Thursday, April 19, 2012


by Nick Harkaway
2012 by Knopf
Rating: 4/5

     I loved Harkaway's "The Gone Away World", it was one of the most fun books that I have ever read. I had a lot of fun with this one too, but it wasn't quite as good. I still loved exploring his world and fascinating characters.
     Joe Spork, the son of one of London's most successful criminals, wants nothing to do with his dead father's lifestyle. He just want to run his repair shop for clockwork machines. Unfortunately, his past catches up with him and he is thrust into an adventure that may involve him saving the world. Joe is an everyman character, not the most exciting person in the book, but the easiest to identify with. He is surrounded by a cast of amazing & strange people, including Edie Bannister, an 80 something former British super-spy and her aging, blind, and somewhat noxious pug.
     This is a hard book to categorize, it is a mystery/thriller, science fiction, historical, love stories. "Angelmaker" and "Gone Away World" both are closer to a more grounded "Hitchhiker's Guide to the Galaxy" then anything else I can think of. "Gone Away World" was a near perfect book in my opinion, this one seems a bit padded, but still was a great read. Here is one of my favorite quotes about it, from the author of one of my favorites from 2010: “A puzzle box of a novel as fascinating as the clockwork bees it contains, filled with intrigue, espionage and creative use of trains. As if that were not enough to win my literary affection, Harkaway went and gave me a raging crush on a fictional lawyer.” - Erin Morgenstern, author of The Night Circus

Friday, April 13, 2012

The Red House

The Red House
by Mark Haddon
2012 Doubleday
Rating: 1/5
Received an E-galley from the publisher.

     I had "The Red House" on my list of most anticipated books of 2012. I absolutely love Mark Haddon's "The Curious Incident of the Dog In the Night-Time" and I found his "A Spot of Bother" a fascinating, but disturbing look at a British family.
     Unfortunately, I didn't find anything likable about the characters or story in "The Red House". An estranged brother & sister and their families vacation together in the English countryside in an effort to get to know each other better.The book is somewhat similar to "A Spot of Bother", in that it deals with some not very likable people, but there is no sense of humor or any redeeming qualities here.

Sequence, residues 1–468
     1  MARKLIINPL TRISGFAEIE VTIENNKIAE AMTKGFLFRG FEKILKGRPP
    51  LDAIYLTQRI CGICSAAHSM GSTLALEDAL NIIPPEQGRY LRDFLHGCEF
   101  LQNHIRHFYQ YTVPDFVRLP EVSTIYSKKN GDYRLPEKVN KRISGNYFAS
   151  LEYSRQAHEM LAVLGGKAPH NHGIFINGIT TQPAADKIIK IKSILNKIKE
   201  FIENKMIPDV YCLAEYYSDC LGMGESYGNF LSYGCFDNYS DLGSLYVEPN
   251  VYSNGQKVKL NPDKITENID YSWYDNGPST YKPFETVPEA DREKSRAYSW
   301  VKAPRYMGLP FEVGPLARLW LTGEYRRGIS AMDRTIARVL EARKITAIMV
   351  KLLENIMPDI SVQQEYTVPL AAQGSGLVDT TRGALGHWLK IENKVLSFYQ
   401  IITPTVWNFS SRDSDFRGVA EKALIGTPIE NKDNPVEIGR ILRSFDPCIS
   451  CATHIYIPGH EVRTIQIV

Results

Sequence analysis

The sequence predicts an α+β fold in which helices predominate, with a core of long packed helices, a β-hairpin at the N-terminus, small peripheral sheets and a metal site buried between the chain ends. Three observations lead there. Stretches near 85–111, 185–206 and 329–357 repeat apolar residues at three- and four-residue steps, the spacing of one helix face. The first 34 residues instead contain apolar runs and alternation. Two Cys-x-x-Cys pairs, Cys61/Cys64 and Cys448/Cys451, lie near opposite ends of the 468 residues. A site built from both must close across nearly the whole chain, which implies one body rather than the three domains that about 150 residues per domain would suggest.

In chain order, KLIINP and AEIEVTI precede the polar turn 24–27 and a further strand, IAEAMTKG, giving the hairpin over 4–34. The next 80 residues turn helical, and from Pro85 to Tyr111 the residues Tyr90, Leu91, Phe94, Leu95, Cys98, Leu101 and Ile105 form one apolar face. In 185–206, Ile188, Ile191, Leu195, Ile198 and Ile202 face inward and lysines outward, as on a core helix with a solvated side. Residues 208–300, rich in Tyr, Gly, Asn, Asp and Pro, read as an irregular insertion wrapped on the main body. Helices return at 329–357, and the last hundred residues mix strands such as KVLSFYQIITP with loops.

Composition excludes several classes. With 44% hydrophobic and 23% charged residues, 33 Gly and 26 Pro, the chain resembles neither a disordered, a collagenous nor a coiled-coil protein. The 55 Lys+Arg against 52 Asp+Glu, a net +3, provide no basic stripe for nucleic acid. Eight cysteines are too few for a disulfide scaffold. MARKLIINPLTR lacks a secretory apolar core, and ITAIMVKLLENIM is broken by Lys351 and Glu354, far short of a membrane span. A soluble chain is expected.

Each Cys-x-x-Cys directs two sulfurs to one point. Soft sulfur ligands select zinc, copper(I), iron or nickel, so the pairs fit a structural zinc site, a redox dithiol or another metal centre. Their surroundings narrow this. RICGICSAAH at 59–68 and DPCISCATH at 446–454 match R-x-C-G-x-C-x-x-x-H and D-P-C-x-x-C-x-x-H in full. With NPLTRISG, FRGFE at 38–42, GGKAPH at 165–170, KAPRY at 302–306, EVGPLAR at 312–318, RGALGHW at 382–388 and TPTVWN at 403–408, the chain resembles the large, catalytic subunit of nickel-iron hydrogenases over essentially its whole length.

Haddon is experimenting with narrative voice here, having all eight family members take turns in telling the story. The problem is that everyone of these people are selfish, nasty, and just plain mean to each other. I could not wait for this one to end. I will give Haddon another chance if he does another book, but this one was just not for me. Interestingly, Library Journal loved the book, but Publisher's Weekly didn't much care for it.

Sunday, March 25, 2012

A Few Quick Reviews

     These are some short reviews of books I have read the last couple of months, but don't feel like writing a full blown reviews for. Several are worth reading, but just didn't blow me away.

1. Taken by Robert Crais (Rating 4/5). Elvis Cole and Joe Pike are partners in a private detective agency in LA. Crais has been telling their stories for years and a few years back began alternating between using one and then the other as the lead character. In this book, they are both top billed and tracking down a young couple kidnapped by smugglers of illegal aliens. This is one of Crais' best.

2. The Last Greatest Magician in the World by Jim Steinmeyer (Rating 3/5). A detailed, but sometimes slow biography of Howard Thurston, the last "Greatest Magician In the World". A contemporary of Houdini, Thurston had the biggest magic act and was considered the master magician of the time. The pressure to be the top act led to physical and financial problems for most of his life. An important book if you are interested in the history of magic.

3. Back To the Moon by Travis Taylor & Les Johnson (Rating 2/5). This science fiction novel had an interesting premise - America's return to the Moon in the 2020s. Unfortunately , the author is not much of a writer. The characters and dialogue are very dry.    

4. The Fault In Our Stars by John Green (Rating 3/5). Well reviewed and best selling young adult book about two teens with cancer. The book is well written and has very good characters, but the ending was a bit weak for me.

Tuesday, March 20, 2012

The Orphan Master's Son

The Orphan Master's Son
by Adam Johnson
Random House 2012
Rating 4/5

     Pak Jun Do grows up in an orphanage in North Korea. The man he believes to be his father runs the place and Jun Do keeps the boys in line. Later he become a tunnel rat, making clandestine trips to both Japan and South Korea, and later is included on a diplomatic visit to Texas. I found this a fascinating look at the culture of North Korea, one I knew very little about. Propaganda is a big part of the narrative and sometimes loudspeaker announcements are used to fill in back story. There are time jumps and changes in the characters that tell the story that can be confusing, but to me that added to the sense of mystery and wonder of the story. In some ways, this is a fairy tale of what a simple man can accomplish.